Steven Plitt, Expert Witness Steven Plitt, Expert Witness
Insurance Bad Faith Claim Handling Expert Serving Clients Nationwide

IN DETERMINING INSURANCE AGENT LIABILITY FOR FAILURE TO PROCURE, A FUNDAMENTAL QUESTION IS WHETHER THE COVERAGE SOUGHT WAS EVEN AVAILABLE

According to the Wisconsin Court of Appeals, to assert an insurance agent's liability for negligent failure to procure requested coverage, the customer must establish that the coverage requested was actually available.

In Emer's Camper Corral, LLC v. Alderman, 2019 WL 1246422 (Wis. App. 3/19/19) the customer owned Emer's Camper Corral, which is a business that sold new and used campers. The insurance policy in question was purchased in 2007, which insured Camper Corral's inventory with an associated $500 per unit deductible for hail damage. The policy was annually renewed for several years. Then, in May 2011 a hailstorm caused damage to Camper Corral's inventory. The insurer paid the claim for hail damage and then renewed the policy with the same $500 per unit hail damage deductible. A second hailstorm damaged Camper Corral's inventory. The claim was paid and then the policy was not renewed. Because of this, the insurance agent secured a replacement policy from a different insurer. The replacement policy had a hail damage deductible of $5,000 per unit. A third hailstorm occurred which damaged 25 units of Camper Corral's inventory. Following the third hailstorm, the insured claimed that she had received the first copy of the replacement policy and further learned that there was a $5,000 per unit deductible. This left a shortfall in the insured's loss.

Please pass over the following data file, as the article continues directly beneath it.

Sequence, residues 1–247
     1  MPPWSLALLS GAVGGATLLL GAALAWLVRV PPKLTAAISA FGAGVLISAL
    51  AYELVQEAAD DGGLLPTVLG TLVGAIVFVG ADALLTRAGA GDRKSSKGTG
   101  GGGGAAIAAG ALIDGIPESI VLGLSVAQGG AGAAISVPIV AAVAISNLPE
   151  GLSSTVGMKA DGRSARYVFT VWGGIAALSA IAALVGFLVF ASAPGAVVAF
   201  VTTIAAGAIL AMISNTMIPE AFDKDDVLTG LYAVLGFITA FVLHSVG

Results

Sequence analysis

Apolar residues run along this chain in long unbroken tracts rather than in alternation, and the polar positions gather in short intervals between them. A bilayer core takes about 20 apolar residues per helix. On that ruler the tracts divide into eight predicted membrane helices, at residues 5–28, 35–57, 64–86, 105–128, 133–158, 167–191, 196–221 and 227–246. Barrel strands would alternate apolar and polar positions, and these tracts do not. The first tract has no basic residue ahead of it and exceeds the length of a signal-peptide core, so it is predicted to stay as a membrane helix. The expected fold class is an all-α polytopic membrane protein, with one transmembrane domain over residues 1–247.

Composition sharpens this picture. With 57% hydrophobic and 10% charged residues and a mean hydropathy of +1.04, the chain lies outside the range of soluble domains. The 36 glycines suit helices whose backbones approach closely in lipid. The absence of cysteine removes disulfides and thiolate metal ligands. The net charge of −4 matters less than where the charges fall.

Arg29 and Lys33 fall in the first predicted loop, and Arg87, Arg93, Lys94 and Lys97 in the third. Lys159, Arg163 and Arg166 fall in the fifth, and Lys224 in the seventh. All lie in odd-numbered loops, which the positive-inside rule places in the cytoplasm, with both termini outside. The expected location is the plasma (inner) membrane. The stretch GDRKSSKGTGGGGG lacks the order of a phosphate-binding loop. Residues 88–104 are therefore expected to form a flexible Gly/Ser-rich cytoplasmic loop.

The insured alleged that the agent had told her that if Camper Corral did not submit a hail damage claim during the next policy year, that the agent could obtain a policy with a $1,000 per unit deductible. The insured further alleged that the agent told her that the policy in force at the time of the hailstorm had been renewed with a hail damage deductible of $1,000 per unit and a $5,000 total deductible cap.

Because of the loss shortfall, Camper Corral sued the agent for failure to procure a policy with a $1,000 deductible and a $5,000 deductible aggregate limit. The case went to trial. At the close of the evidence, the court granted a directed verdict in favor of the agent. The court found that Camper Corral failed to establish that the agent's alleged negligence caused damages because Camper Corral failed to establish that an insurance company would have insured Camper Corral under a policy with a $1,000 deductible per camper and a $5,000 deductible aggregate limit. On appeal, the Wisconsin Court of Appeals affirmed the trial court's ruling. In doing so, the appellate court held that for an insurance agent to be liable under a theory of negligent failure to procure, the insured was required to establish that an insurance policy could have been obtained on the requested terms that the insured sought.

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